Rovito, Vásquez-Almazán, Papenfuss, Parra-Olea & Wake, 2015Figure 6. (A) Holotype of Cryptotriton xucaneborum in life. (B) Ventral view of holotype showing dark grey ventral coloration.(D) View of type locality of C. xucaneborum, showing small forest fragment surrounded by agricultural land. (E) Habitat where holotype of C. xucaneborum was collected.
The cloud forests of Mesoamerica are notable for their high endemism, and plethodontid salamanders provide a striking example of divergence and microendemism across cloud forest blocks at a regional level. Salamanders that make use of arboreal bromeliad microhabitats in the cloud forest appear to be especially prone to divergence driven by natural habitat fragmentation, and are expected to show high endemism at small spatial scales. We use a multilocus dataset to investigate the biogeographic history and relationships among species of a small genus of salamander, Cryptotriton, restricted to the cloud forests of Nuclear Central America. We use a morphological data set along with a coalescent species delimitation method to reveal the presence of at least one undescribed species from an isolated cloud forest in eastern Guatemala. Biogeographic analyses show that Cryptotriton has a different biogeographic history than another clade of cloud forest-restricted salamanders in the same region, perhaps indicating that each genus restricted the spatial expansion and diversification of the other through preemptive occupancy. Our results suggest that isolation across relatively short geographic distances has led to range fragmentation and deep divergence between species. Exploration of remaining patches of cloud forest likely will continue to reveal undetected diversity.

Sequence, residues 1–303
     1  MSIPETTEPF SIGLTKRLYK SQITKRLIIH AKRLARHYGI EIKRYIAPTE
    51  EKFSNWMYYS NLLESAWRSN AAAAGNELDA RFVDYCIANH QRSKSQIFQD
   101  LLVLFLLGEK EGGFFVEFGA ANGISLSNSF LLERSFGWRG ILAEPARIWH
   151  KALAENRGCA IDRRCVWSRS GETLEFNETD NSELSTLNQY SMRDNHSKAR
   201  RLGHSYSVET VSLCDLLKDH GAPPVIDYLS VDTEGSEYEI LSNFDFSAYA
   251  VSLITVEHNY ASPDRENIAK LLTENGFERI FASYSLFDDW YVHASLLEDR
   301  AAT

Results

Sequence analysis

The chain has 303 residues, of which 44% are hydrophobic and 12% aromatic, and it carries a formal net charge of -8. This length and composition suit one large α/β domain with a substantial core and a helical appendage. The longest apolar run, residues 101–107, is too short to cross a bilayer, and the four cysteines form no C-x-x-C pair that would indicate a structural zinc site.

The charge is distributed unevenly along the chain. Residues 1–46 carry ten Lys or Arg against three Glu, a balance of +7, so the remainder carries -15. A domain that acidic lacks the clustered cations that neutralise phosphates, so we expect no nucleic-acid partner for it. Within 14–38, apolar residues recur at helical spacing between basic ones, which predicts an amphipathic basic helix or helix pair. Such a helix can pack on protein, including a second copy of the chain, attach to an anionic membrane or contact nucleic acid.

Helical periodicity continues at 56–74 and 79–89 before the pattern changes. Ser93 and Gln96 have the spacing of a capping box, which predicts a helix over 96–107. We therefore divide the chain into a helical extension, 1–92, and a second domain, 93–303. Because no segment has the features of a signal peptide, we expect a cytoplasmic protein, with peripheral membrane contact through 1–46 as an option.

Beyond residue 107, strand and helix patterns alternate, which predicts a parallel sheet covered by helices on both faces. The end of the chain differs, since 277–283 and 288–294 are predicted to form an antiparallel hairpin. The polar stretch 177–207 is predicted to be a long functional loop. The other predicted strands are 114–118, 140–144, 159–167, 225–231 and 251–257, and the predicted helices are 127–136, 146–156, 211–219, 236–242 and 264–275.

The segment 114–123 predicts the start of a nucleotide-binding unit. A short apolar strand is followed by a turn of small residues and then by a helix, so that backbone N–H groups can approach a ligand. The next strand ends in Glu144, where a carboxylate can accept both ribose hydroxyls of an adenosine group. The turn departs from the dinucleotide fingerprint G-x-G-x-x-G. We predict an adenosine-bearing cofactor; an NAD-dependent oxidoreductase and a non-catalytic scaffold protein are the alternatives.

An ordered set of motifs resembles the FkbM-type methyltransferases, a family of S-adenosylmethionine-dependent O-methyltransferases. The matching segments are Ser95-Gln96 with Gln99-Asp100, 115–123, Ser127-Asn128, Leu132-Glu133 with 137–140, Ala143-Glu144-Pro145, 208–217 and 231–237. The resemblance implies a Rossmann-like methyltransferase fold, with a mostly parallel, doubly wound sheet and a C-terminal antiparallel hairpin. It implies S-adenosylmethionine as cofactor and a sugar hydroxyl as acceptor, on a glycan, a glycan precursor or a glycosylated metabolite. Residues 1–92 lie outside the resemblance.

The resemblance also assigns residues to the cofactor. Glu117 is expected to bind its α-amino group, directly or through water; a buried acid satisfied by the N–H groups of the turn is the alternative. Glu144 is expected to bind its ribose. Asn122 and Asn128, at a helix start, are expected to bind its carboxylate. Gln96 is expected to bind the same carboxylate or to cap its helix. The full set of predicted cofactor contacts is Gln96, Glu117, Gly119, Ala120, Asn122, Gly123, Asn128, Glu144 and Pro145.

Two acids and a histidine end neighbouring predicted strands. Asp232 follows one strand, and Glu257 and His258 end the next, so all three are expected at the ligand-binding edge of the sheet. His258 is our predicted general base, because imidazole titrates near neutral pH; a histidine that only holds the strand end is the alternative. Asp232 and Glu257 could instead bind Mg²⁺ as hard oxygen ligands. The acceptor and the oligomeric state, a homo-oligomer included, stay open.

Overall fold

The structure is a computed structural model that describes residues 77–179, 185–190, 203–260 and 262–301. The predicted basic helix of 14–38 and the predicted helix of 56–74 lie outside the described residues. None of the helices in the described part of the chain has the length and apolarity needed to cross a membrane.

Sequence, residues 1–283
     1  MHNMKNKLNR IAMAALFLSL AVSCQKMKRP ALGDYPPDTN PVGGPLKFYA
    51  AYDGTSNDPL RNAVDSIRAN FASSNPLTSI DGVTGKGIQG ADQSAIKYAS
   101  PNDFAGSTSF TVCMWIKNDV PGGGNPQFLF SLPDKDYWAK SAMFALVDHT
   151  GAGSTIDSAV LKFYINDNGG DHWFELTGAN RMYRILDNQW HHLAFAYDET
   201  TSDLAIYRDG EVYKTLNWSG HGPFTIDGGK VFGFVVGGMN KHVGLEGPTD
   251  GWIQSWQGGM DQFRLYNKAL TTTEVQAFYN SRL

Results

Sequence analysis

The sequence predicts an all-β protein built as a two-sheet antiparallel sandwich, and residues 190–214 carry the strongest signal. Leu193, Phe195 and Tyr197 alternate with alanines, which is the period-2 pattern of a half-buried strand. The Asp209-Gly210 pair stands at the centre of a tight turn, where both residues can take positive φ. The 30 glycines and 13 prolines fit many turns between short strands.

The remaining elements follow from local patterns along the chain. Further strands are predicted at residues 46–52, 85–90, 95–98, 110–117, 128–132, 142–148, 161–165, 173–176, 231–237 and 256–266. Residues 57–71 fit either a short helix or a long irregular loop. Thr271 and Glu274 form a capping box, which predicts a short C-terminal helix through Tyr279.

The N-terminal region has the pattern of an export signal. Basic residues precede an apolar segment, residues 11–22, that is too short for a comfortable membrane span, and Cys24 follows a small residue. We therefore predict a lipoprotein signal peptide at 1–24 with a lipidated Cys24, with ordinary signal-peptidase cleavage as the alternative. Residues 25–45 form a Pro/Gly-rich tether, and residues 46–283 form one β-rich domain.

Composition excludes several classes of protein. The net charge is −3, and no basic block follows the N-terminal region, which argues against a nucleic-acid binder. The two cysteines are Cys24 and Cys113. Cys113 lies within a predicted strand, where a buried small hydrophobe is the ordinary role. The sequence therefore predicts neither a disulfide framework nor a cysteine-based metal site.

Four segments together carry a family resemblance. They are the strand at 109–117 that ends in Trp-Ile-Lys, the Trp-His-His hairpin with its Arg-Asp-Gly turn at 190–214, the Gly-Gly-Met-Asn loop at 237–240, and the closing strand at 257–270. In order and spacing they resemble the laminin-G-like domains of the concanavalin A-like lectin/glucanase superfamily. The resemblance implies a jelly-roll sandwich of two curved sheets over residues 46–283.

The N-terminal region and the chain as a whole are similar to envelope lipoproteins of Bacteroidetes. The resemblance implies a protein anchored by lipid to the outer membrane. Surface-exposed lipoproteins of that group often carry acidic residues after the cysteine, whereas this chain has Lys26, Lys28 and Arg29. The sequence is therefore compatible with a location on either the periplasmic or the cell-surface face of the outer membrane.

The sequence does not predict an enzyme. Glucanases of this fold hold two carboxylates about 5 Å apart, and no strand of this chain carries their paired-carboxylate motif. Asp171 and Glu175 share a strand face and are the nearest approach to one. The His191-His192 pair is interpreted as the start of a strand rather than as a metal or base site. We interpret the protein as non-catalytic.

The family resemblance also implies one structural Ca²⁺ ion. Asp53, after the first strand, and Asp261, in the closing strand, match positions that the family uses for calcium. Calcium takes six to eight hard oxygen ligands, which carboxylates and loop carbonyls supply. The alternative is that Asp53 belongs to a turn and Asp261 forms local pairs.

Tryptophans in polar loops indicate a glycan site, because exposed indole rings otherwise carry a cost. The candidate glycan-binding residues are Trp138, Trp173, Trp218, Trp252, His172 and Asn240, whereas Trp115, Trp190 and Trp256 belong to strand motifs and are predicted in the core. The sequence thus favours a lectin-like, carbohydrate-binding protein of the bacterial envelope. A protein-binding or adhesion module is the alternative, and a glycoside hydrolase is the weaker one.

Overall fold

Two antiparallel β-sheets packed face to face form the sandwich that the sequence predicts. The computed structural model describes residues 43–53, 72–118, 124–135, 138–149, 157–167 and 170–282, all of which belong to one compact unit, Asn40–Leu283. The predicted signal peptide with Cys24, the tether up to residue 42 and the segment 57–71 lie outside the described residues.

Keywords: bolitoglossine salamander; Chiapas; Guatemala; Honduras; microendemism; molecular phylogenetics; morphology; species delimitation; species tree
Cryptotriton xucaneborum, new species
Sierra de Xucaneb Hidden Salamander
Salamandra Escondida de la Sierra de Xucaneb
Cryptotriton veraepacis McCranie and Rovito, 2014 (part)
Cryptotriton veraepacis Vásquez-Almazán et al. 2009 (part)
Cryptotriton veraepacis Lynch and Wake, 1978 (part)
........ DOI: 10.1111/zoj.12268
|Figure 6. (A) Holotype of Cryptotriton xucaneborum in life. (B) Ventral view of holotype showing dark grey ventral coloration. (C) Ventral view of an individual of Cryptotriton veraepacis (USAC 1920) showing lighter grey ventral coloration. (D) View of type locality of C. xucaneborum, showing small forest fragment surrounded by agricultural land. (E) Habitat where holotype of C. xucaneborum was collected.|
Habitat and distribution. – Known only from two localities separated by 22 km in the Sierra de Xucaneb, Alta Verapaz, Guatemala. The species may occur at a few other points of relatively high elevation in the Sierra de Xucaneb, but extensive deforestation in most areas has eliminated what may have once been suitable habitat for the species. The holotype was found in an arboreal bromeliad, while the four paratypes from Chelemhá were found active at night on vegetation 1–2 m above the ground. The forest at Finca Volcán represents a transition from lower elevation forest to cloud forest, with relatively few bromeliads and other epiphyte growth, and is classified as subtropical rainforest (Holdridge, 1967), while habitat at Chelemhá is lower montane rain forest (Holdridge, 1967) with typical cloud forest vegetation and extensive epiphyte cover. The only syntopic species of salamander known to occur with Cryptotriton xucaneborum is Bolitoglossa helmrichi, which occurs at both known sites.
Sean M. Rovito, Carlos R. Vásquez-Almazán, Theodore J. Papenfuss, Gabriela Parra-Olea and David B. Wake. 2015. Biogeography and Evolution of Central American Cloud Forest Salamanders (Caudata: Plethodontidae: Cryptotriton), with the Description of A New Species. Zoological Journal of the Linnean Society. 175(1); 150–166. DOI: 10.1111/zoj.12268